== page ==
Keywords: credit cycle; limited liability; non-fundamental asset pricing; collateral value; monetary policy;
    JEL: E32 E44 E52 G10
    Date: 2015–03
  7. By: Marcos Antonio C. da Silveira
    Abstract: We build a two-country version of the model in Gali & Monacelli (2005), which extends for a small open economy the new Keynesain DSGE model used as tool for monetary policy analysis in closed economies. A distinctive feature of the model is that the terms of trade enters directly into the new Keynesian Phillips curve as a new pushing-cost variable feeding the inflation. Furthermore, home bias in households’ preferences allows for real exchange rate fluctuation, giving rise to alternative channels of monetary transmission. Unlike most part of the literature, the small domestic open economy is derived as a limit case of the two-coutry model, rather than assuming exogenous processes for the foreign variables. This procedure preserves the role played by foreign nominal frictions in the way as international monetary policy shocks are conveyed into the small domestic economy. O trabalho desenvolve uma versão para dois países do modelo em Gali & Monacelli (2005), o qual estende para uma pequena economia aberta o modelo de equilíbrio geral dinâmico e estocástico novo-keynesiano usado como ferramenta para análise de política monetária em economias fechadas. Uma importante característica do modelo é que os termos de troca entram diretamente na curva de Phillips novo-keynesiana, como uma nova variável pressionando os custos e alimentando a inflação. Além do mais, a hipótese de home bias nas preferências dos consumidores permite a flutuação da taxa de câmbio real, criando um canal alternativo de transmissão da política monetária. Diferente da maior parte da literatura, o modelo deriva a estrutura da pequena economia aberta como um caso limite do modelo para dois países, em vez de supor que as variáveis externas seguem processos exógenos. Esse procedimento preserva o papel das fricções nominais externas na forma como choques monetários internacionais são transmitidos para dentro da pequena economia doméstica.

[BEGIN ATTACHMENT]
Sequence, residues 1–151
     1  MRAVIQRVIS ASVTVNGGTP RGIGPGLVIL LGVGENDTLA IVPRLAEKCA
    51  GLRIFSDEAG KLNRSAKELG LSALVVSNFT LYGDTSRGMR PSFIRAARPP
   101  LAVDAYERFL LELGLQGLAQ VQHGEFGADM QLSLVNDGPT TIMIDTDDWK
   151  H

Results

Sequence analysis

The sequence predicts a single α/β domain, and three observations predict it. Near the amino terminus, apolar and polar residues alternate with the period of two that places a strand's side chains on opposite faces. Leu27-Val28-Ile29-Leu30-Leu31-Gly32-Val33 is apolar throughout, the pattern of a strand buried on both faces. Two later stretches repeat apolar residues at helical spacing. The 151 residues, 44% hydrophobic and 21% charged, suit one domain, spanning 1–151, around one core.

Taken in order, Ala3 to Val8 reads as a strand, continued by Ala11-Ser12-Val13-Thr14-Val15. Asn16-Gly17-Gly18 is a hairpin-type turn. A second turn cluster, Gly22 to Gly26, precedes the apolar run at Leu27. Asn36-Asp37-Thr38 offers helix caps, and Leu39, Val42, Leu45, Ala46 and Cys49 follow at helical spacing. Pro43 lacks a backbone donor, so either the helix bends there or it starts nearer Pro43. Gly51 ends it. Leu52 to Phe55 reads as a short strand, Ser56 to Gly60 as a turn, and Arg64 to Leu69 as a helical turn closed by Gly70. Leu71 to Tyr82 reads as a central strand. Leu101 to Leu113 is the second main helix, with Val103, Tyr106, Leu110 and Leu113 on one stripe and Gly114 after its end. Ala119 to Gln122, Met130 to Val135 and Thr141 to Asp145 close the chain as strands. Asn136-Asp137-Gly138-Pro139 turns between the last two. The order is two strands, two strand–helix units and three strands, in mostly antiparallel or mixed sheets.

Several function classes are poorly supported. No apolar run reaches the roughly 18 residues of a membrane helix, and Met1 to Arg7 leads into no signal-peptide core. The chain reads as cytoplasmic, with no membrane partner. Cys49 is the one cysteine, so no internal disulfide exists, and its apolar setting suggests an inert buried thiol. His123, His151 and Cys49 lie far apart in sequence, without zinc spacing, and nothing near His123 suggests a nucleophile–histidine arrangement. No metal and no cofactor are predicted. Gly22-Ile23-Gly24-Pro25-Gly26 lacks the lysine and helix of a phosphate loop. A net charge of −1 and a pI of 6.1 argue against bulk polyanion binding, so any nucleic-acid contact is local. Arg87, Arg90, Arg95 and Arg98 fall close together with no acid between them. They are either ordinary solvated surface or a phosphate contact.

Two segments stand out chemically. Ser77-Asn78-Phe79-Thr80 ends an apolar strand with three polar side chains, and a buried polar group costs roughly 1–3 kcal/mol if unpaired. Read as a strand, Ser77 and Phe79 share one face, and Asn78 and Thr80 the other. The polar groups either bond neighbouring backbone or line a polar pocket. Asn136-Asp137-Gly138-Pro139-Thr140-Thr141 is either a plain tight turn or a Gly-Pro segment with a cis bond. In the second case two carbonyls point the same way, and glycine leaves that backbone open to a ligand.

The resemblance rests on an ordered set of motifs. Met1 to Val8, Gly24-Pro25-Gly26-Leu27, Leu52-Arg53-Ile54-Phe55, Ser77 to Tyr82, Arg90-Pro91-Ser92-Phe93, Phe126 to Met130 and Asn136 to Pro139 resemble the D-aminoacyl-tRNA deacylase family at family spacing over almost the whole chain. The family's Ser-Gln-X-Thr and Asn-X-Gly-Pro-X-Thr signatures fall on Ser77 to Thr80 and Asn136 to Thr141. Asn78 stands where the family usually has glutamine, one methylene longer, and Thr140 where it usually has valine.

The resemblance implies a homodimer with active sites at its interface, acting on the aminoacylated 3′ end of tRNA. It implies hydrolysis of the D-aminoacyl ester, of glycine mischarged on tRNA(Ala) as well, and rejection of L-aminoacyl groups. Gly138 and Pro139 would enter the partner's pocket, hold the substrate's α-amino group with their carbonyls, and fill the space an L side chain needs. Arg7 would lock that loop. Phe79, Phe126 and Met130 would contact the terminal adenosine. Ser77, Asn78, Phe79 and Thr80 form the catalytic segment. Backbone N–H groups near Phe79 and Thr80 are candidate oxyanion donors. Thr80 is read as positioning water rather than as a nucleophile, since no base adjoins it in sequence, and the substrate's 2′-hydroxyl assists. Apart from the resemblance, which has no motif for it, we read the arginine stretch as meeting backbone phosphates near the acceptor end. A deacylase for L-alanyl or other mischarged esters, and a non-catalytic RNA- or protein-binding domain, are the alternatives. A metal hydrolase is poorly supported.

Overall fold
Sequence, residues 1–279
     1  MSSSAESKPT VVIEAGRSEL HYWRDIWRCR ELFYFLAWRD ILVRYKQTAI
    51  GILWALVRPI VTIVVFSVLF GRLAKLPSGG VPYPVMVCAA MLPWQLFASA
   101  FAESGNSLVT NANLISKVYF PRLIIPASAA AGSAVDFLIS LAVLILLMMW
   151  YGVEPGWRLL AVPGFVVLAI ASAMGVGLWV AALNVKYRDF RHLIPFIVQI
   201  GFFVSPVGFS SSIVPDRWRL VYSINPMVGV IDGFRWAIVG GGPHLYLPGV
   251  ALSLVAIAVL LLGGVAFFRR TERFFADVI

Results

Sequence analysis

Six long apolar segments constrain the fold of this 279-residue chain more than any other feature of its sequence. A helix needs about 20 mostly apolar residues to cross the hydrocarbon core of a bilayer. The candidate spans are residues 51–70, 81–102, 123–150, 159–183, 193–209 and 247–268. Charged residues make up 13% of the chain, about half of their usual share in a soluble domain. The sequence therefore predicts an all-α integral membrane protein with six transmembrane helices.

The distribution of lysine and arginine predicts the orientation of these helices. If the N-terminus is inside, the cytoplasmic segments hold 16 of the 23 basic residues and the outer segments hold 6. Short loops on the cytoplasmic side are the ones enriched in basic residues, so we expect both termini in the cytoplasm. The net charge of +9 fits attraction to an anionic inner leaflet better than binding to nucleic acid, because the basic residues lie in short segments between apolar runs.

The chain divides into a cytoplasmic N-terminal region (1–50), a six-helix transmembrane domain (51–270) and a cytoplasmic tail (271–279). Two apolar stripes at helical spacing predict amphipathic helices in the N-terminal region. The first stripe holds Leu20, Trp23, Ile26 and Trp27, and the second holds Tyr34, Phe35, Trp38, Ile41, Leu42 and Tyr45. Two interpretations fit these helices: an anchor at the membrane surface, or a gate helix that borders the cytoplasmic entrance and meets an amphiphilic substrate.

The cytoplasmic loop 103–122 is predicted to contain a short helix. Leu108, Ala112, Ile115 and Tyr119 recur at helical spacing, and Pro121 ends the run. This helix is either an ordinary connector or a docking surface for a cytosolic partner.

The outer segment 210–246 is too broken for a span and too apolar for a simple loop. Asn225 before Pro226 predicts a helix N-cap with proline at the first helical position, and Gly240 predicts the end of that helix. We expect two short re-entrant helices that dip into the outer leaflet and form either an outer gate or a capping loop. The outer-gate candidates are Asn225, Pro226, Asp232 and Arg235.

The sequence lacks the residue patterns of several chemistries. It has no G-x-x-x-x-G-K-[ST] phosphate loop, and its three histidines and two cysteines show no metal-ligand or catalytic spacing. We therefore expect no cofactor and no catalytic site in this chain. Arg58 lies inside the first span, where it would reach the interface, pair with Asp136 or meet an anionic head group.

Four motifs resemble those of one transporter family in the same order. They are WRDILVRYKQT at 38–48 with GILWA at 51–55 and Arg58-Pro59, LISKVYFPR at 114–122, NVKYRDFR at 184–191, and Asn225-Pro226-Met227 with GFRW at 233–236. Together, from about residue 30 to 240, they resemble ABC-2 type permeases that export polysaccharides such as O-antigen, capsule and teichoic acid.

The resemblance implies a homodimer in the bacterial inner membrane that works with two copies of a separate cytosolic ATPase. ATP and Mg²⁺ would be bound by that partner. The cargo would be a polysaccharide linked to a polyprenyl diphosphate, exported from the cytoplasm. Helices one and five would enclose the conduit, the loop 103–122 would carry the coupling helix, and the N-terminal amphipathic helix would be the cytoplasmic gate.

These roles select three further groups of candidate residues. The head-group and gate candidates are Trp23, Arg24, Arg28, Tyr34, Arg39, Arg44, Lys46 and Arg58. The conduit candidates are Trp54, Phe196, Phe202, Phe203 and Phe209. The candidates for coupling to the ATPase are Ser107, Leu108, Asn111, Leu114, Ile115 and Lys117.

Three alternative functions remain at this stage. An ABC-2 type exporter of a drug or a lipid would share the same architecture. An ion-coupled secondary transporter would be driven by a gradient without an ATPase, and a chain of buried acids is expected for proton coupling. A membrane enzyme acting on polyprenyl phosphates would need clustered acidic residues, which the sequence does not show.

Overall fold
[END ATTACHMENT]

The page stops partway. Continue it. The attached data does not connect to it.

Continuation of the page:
Date: 2015–01
  8. By: François Langot ((GAINS-TEPP-IRA) Université du Mans, Paris School of Economics, Banque de France & IZA); Alessandra Pizzo (Centre d'Economie de la Sorbonne & Banque de France)
    Abstract: We develop a balanced growth model with labor supply and search and matching frictions in the labor market to study the impact of economic policy variables on the two margins which constitute the (total) labor input: the extensive one (the rate of employment) and the intensive one (the hours worked per worker). We show that the dynamics of the taxes have an impact mainly on the hours worked while labor market institutions have a large influence on the rate of employment. However, our findings underline that there is an interaction between the two margins. The model is tested on four countries (US, France, Germany and UK) which experiment different tax and labor market dynamics since the sixties. Using this structural approach, we can then perform counterfactual experiments about the evolution of the policy variables and to compare welfare levels implied by policy changes